1. You’re stuck inside and it’s a feelgood documentary. Crip Camp is about an unintentionally visionary “summer camp for the handicapped run by hippies,” as the film’s co-director (and former camper) Jim LeBrecht explains early on. A sound designer with spina bifida, Lebrecht shot much of the film’s early footage with a camera strapped to his wheelchair. The world it captured is joyous and liberating.
2. Crip Camp shows people seeing and listening to each other across difference. The campers’ race, gender, families, and socioeconomic status varied widely, as did their impairments: epilepsy is not like cerebral palsy, or polio, or depression. At Camp Jened, people with profound speech impediments got heard, people in wheelchairs made out, people on crutches played baseball. At the time, the 1970s, people “like them” were routinely hidden from sight and denied access to schools, jobs, and public spaces. These campers were treated like whole people who counted.
3. Crip Camp shows what grassroots activism can do. LeBrecht headed into the project with a hunch that Jened played an outsize role in the disability rights movement of the late 70s and 80s, and he was right. In an interview in the Guardian, disability rights crusader Judy Heumann, who attended in 1971 at age 15, recalled, “This camp is where we had those conversations in the bunks late at night that made us realize, hey, there’s this civil rights movement going on around us, why aren’t we a part of it?” That camp experience—of seeing and being seen, of glimpsing a radically different and inclusive future—launched a generation of activists.
4. Crip Camp shows the Capital Crawl, the most affecting act of civil disobedience ever, and arguably most effective. On March 12, 1990, frustrated by years of legislative inaction, more than 60 activists abandoned their crutches, walkers, and wheelchairs and began crawling up the 83 stone steps that lead to the Capitol. Four months later, Congress passed the Americans with Disabilities Act.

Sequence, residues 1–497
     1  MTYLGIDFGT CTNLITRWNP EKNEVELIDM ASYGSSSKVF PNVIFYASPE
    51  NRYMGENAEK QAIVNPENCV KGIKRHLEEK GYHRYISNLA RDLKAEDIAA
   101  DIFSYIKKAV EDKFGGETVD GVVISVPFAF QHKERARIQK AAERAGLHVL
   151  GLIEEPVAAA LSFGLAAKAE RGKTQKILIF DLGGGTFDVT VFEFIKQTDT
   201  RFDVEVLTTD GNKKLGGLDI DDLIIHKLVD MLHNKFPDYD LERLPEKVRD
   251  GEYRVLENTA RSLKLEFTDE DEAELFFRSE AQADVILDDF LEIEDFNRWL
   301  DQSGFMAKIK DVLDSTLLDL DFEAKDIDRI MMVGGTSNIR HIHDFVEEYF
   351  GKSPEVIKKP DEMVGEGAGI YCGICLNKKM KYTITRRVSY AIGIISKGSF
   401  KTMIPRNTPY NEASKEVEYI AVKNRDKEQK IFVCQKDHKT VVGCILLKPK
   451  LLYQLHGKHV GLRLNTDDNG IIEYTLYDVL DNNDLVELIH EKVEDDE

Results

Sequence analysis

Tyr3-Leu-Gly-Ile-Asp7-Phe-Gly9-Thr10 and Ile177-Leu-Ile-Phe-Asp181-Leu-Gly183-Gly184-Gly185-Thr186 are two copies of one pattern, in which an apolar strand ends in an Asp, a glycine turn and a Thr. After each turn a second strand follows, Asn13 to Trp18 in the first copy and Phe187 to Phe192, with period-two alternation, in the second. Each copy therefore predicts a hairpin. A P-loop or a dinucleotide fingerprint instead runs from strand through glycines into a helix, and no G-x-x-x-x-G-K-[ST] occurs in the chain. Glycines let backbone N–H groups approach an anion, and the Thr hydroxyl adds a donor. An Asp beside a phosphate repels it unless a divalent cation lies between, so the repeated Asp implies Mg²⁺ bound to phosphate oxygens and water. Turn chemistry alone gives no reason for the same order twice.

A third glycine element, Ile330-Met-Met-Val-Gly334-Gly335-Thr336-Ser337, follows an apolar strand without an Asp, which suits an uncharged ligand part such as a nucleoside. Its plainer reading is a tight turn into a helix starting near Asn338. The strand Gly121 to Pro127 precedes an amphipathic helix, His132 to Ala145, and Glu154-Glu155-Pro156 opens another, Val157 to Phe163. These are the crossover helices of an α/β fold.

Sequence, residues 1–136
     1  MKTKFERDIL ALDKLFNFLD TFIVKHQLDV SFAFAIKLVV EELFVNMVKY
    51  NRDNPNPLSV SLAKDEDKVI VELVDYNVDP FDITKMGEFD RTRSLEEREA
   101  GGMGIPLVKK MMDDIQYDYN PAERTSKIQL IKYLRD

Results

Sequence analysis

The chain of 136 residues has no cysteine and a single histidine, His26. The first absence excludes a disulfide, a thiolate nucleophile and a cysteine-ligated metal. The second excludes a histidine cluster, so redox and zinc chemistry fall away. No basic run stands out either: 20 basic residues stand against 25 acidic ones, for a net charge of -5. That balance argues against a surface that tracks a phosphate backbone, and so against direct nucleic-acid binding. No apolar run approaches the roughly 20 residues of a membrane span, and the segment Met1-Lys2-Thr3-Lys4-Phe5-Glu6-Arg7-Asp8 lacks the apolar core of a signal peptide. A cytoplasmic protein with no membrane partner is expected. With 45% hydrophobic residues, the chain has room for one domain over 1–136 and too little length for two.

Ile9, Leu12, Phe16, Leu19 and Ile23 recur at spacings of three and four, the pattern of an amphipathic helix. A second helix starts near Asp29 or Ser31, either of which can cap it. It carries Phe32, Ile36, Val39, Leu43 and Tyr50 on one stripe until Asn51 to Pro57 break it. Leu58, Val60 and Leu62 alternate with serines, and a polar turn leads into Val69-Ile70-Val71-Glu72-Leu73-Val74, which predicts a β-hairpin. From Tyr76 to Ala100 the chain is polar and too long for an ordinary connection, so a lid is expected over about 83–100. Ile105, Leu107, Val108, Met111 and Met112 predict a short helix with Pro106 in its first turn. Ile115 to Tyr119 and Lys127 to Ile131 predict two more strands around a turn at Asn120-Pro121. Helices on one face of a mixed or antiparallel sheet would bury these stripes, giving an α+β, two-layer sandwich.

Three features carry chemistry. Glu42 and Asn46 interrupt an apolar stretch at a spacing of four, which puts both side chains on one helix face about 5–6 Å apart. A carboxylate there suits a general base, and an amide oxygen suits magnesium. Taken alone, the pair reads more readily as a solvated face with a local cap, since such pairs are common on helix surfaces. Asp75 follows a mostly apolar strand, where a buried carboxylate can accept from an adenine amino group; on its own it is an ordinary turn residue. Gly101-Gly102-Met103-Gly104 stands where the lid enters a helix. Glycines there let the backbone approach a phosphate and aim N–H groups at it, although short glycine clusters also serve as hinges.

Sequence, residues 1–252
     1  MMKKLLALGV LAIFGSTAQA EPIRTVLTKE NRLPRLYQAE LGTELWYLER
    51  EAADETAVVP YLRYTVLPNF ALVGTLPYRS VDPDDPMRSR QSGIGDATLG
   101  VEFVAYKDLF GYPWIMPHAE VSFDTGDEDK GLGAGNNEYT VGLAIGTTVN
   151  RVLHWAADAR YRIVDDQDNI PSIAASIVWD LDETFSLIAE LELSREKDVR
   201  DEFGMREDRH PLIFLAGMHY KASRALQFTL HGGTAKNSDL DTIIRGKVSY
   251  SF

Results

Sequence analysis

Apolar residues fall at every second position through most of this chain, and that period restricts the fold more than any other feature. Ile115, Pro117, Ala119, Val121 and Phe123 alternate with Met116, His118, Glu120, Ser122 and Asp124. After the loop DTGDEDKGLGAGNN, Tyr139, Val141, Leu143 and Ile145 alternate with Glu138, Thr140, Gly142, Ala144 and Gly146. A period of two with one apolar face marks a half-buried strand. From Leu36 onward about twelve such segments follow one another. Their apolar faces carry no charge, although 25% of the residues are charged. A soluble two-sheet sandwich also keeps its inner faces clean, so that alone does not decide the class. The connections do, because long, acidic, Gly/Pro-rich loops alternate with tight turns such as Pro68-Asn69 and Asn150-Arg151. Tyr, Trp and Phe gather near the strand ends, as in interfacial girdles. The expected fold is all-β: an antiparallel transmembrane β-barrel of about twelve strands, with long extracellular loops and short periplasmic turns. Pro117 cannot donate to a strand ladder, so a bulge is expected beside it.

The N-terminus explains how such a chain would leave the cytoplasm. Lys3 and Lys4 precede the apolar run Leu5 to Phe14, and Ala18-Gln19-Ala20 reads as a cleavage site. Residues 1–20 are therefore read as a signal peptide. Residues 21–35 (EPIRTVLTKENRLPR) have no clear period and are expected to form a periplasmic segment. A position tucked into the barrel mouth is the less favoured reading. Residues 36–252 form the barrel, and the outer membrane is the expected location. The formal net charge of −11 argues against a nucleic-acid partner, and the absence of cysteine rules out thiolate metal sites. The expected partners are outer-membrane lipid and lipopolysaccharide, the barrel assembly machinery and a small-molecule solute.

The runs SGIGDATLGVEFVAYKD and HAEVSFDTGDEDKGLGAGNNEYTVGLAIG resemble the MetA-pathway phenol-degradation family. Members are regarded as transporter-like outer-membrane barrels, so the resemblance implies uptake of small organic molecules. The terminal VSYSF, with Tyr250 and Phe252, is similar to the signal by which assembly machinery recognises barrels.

5. Crip Camp reveals our internalized bias. As non-disabled camp director Larry Ellison says, “We discovered the problem wasn’t people with disabilities, it was our problem.” Disability rights advocates use the term “non-disabled” because the likelihood of acquiring a disability, temporarily or permanently, is statistically very high for all of us. Pretending otherwise feeds both ableism (discrimination against people with disabilities) and ageism. It reinforces dual stigma: “I may be old but at least I’m not crippled!” and vice versa. Seeing ourselves as “non-disabled”, or even “temporarily able-bodied,” has the opposite effect. It reminds us of what we have in common, and that a world that works better for people with disabilities—who come in all ages, after all—works better for everyone.
6. The pandemic makes Crip Camp’s message an urgent one. COVID19 has glaringly exposed the ageism and ableism all around us. Olders and people with disabilities. along with people with underlying health issues, are dying at disproportionate rates because we are more physically vulnerable and because we are considered more expendable, so this awareness comes at a hideous human cost. We have a historic opportunity to build upon this awareness. It’s time for olders to ally with the disability justice community and people with chronic illness by insisting on equal access for all to protection and medical treatment. (Peter Torres Fremlin’s Disability Debrief lays out an inclusive response to the pandemic.) It’s also time to remove longstanding barriers to access and opportunity. For example, accommodations enabling people to work remotely, which people with disabilities had requested for decades, magically became possible once the health of the general public was a risk. These accommodations need to be permanent.
Achieving equal rights for every human being, independent of age and physical condition, means addressing the intersection of ageism and ableism. This reckoning is long overdue and tactically necessary, for reasons I’ve been writing about for a while. The pandemic makes it ethically imperative and terrifyingly urgent. It’s time to build on what we learned at Crip Camp, whose campers went on to change the way we see disability, changing it from a personal misfortune to a social problem: “The problem is not that I’m in a wheelchair, the problem is that there are stairs between me and where I want to go.” Boom. That’s what we need to do around aging: “The problem is not that I have wrinkles, the problem is that I’m being discriminated against because of it.” It’s time to join forces, demand equal access and equal rights, and enforce them as the pandemic recedes into memory.
By Ashton Applewhite
Learn more by reading This Chair Rocks, by Ashton Applewhite.
(Click the book for purchase information.)